Case Study – Moral Culpability for Respecting Patients’ Autonomy

Case Study – “I really want to go home.” Moral Culpability for Respecting Patients’ Autonomy

A woman's face showing stress.

By Ryan Pferdehirt, DBe and Tarris (Terry) Rosell, PhD, DMin, HEC-C

April 2024

Bioethics case study on moral culpability for respecting patients’ autonomy.




A 55-year-old patient, Steve, who identifies as male is suffering from respiratory distress and end stage renal disease. Steve was admitted to the hospital a few days ago and has seen considerable improvement with treatment. He is now ready for discharge. The patient is vociferously requesting to be discharged back to home, but the primary attending believes Steve would benefit by going to a skilled nursing facility for a short period. Disposition to SNF is probably not absolutely essential, just strongly recommended. If Steve were to go home instead, it would be against medical advice (AMA), but would not constitute an unsafe discharge.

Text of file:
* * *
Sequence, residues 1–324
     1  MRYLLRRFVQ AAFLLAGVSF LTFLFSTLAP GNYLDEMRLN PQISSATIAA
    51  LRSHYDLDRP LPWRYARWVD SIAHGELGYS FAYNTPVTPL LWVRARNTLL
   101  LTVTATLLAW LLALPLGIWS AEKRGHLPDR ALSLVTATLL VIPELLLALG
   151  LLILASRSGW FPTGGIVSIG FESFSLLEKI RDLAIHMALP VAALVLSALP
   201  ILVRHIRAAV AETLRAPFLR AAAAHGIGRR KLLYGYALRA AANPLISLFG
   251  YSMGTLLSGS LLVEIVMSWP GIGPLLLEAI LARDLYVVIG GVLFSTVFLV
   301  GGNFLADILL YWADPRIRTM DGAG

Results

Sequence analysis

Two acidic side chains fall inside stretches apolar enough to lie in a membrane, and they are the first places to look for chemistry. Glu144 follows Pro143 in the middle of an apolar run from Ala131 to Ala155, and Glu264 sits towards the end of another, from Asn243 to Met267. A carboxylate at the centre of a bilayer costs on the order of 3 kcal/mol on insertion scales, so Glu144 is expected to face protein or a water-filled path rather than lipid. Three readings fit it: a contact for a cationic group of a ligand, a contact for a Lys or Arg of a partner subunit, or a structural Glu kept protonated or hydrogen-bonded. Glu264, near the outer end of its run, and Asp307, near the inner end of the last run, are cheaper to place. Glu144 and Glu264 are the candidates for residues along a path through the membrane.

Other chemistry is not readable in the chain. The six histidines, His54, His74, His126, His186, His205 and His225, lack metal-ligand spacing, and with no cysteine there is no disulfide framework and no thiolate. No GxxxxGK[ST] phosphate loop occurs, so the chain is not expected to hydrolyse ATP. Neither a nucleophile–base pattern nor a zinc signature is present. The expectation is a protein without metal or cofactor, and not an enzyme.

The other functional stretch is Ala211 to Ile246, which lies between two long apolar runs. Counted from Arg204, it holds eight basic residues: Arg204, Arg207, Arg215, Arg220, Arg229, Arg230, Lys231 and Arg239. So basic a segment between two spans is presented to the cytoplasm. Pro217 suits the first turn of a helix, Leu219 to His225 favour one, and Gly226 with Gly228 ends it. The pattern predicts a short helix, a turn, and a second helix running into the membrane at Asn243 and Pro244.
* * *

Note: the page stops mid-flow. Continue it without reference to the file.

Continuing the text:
This patient has a long history of IV drug abuse but communicates to the health team that his recent hospitalization has brought some clarity in that regard, and he vows to “give up doing drugs.” He says the desire to go back home is because that’s where he feels most comfortable. Steve’s physician believes that discharging back to home this soon will risk substance use recidivism. During an ethics consultation, the physician states that she does not want to be morally responsible for her patient when he goes home, goes back to street drugs, overdoses and dies. What then should be done?

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